Corinne Weaver

Corinne Weaver's picture
Contributing Writer


Corinne Weaver works as a senior analyst for the Media Research Center. As the Joe and Betty Anderlik Fellow, her coverage on tech censorship, media bias, and pro-life issues have been cited by many in the conservative movement. Corinne’s work has been featured in Fox News, the Guardian, LifeSiteNews, and the Federalist. Before her current position, Corinne graduated from Christendom College with bachelor’s degrees in English and History.

 

Latest from Corinne Weaver

Is it "hate speech" when liberals call for people to commit suicide? Occupy Democrats, a very popular liberal Facebook page with more than 8.6 million followers, posted a screencap of a tweet on March 26 that wished for the suicide of two Republican senators.



Twitter released a policy stating that it would restrict and remove content that would “place people at a higher risk of transmitting COVID-19.” But while some articles are left up, other articles from conservative outlets receive the ban hammer. Conservative news outlet The Federalist was locked out of its Twitter account on March 26, 2020, for a piece written by dermatologist Douglas A. Perednia. 



Actor James Woods has run afoul of the Twitter sheriffs — again. Sara Miller, his girlfriend, shared with Twitter on March 24 that her boyfriend had been locked out of Twitter, this time for sharing a picture of former Democratic gubernatorial candidate Andrew Gillum.



Facebook currently relies on nine fact-checking organizations in the United States to help the platform “reduce” and “remove” problematic content. However, many of the people the company has put in charge of suppressing content are pushing a left-wing agenda.



Facebook covers posts and news stories that have been fact-checked and found false. While this policy has affected conservative media outlets, it hasn’t appeared to affect the liberal media as much. Until now. A Politico post about the coronavirus was fact-checked by the Daily Caller’s fact-checker organization, Check Your Fact. 

 


Twitter’s CEO Jack Dorsey is not popular with a wealthy investor, who is allegedly seeking to make changes at the company. Elliott Management Corp., an investment company run by prominent Republican billionaire Paul Singer, has taken a stake in Twitter, in a story published by Bloomberg News on Feb. 28.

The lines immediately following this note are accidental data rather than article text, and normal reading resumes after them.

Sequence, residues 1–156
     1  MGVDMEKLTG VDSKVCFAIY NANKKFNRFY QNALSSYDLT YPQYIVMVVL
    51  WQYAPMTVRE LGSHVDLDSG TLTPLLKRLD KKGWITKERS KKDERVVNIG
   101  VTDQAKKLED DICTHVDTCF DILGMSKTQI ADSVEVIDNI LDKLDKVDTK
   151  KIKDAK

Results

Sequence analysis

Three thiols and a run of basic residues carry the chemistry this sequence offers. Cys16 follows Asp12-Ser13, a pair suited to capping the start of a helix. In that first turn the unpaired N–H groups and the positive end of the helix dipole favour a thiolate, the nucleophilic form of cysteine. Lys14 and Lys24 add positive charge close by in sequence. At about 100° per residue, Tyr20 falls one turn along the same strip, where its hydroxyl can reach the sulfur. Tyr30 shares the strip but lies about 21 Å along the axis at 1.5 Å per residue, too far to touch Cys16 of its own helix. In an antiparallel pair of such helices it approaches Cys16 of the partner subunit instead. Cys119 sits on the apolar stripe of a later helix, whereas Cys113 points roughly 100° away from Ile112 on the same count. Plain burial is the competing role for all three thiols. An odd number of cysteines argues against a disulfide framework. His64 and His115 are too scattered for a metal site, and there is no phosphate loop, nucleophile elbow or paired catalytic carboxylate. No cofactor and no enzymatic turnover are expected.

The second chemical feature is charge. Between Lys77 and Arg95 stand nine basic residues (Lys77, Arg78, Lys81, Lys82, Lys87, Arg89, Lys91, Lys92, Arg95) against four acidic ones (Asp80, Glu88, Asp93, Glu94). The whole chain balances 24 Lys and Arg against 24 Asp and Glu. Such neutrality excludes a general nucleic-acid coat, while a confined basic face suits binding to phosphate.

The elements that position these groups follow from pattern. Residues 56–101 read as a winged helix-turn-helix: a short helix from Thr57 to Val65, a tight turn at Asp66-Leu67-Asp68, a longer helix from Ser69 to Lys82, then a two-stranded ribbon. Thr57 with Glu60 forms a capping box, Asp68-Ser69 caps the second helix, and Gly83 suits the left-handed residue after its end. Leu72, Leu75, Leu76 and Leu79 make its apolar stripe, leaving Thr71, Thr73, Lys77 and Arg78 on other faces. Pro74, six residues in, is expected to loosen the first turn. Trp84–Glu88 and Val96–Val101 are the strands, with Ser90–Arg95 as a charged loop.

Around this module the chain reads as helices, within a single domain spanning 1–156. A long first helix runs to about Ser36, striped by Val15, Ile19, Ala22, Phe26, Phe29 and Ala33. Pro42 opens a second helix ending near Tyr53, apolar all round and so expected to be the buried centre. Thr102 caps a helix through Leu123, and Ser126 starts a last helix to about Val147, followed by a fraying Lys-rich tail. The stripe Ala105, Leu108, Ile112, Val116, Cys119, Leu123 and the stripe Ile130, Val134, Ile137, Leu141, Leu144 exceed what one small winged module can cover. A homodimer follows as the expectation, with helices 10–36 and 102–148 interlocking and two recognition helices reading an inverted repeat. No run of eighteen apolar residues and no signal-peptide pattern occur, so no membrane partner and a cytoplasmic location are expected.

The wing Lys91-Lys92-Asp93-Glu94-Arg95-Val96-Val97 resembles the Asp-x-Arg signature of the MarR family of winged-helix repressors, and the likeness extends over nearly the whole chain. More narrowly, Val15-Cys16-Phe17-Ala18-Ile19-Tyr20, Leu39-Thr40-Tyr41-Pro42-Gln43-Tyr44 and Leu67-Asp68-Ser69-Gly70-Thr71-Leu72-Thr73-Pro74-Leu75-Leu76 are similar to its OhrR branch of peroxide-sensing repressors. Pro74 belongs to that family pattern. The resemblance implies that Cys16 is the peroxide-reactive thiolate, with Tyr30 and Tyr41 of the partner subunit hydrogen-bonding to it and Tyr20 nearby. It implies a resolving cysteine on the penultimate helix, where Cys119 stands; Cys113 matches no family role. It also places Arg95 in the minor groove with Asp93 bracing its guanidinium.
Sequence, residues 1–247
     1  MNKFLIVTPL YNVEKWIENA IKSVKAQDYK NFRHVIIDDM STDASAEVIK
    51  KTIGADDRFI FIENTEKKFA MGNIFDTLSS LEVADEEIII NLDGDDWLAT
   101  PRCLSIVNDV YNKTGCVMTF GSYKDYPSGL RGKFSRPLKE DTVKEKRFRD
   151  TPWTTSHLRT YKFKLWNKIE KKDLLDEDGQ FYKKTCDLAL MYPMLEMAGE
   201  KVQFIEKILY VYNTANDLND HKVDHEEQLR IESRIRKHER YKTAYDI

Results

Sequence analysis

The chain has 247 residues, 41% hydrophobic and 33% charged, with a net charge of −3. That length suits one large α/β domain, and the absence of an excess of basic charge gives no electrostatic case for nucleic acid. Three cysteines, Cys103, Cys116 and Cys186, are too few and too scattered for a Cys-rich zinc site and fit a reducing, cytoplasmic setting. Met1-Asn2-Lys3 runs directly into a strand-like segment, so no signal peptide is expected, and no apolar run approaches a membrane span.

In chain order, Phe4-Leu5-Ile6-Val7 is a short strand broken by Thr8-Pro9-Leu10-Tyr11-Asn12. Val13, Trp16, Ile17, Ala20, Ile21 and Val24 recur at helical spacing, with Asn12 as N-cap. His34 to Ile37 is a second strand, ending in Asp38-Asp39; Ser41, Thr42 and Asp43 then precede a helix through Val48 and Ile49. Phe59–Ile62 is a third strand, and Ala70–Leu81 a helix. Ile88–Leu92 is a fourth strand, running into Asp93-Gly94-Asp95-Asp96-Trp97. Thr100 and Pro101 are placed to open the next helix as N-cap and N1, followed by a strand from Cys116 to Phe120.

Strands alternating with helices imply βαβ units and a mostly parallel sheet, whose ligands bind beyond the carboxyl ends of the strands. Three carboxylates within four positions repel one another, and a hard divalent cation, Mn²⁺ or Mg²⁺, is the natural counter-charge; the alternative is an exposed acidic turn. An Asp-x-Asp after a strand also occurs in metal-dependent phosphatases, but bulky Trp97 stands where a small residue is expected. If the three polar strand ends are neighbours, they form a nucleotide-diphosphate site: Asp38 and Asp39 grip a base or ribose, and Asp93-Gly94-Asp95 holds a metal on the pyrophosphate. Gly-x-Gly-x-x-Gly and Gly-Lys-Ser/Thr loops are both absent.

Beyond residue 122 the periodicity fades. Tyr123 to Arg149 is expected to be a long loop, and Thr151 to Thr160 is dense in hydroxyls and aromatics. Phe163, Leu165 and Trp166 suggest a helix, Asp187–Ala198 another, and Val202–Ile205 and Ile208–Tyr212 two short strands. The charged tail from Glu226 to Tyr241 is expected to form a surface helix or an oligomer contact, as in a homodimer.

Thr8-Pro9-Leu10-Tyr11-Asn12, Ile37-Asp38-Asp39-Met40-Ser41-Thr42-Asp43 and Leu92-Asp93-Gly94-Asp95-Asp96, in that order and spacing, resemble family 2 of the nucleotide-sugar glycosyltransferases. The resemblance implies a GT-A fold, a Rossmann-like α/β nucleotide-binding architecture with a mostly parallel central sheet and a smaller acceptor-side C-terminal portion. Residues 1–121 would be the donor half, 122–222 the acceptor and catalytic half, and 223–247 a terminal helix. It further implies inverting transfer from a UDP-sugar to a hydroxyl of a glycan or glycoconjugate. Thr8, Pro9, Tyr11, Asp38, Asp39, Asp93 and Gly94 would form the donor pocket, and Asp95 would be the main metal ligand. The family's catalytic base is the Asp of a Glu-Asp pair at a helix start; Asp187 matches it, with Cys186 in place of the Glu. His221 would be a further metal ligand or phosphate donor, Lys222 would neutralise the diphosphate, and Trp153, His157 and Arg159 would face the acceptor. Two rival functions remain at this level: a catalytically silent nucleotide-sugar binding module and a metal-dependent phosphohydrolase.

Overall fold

Twitter censored an account known for sharing videos from Wuhan showing scenes of a city on lockdown during the coronavirus. Harry Chen PhD, whose now-suspended account had 35,000 followers and claimed to live in China on his bio, had been cited in news outlets like Business Insider for his video showing lines of people buying masks “instead of the state providing them.”



Google in collaboration with Jigsaw is developing tools to measure subjective content online and rate it on a value scale. And scientists are taking it seriously. A study done by eight academics from various universities together in the iDrama Lab, found that online communities, particularly in the “Manosphere,” have “been orchestrating harassment campaigns and spreading extremist ideologies on the Web.”



A trillion-dollar company could be in trouble for copyright infringement, according to a lawsuit from tech company Oracle. Oracle, a technology company known for its database management systems, has been embroiled in a legal battle with Google since 2010. The company, which recently made headlines for a fundraiser held by founder and chairman Larry Ellison for President Donald Trump, maintains in a blog post that Google “copied verbatim 11,000 lines of Java code and then broke Java’s interoperability.”



For the second time, tech companies Apple and TikTok have declined to testify -- this time at a March 4 Senate hearing. “This is a troubling pattern,” wrote Senator Josh Hawley (R-MO) on Twitter. “What are they hiding? Don’t they think these questions matter--and deserve answers?” The Washington Post wrote that Apple did not respond to any comment. TikTok, a Chinese video-sharing platform, responded that it would send someone to appear, just not next week. The hearing, announced by Hawley’s office, will be called, “Dangerous Partners: Big Tech & Beijing.”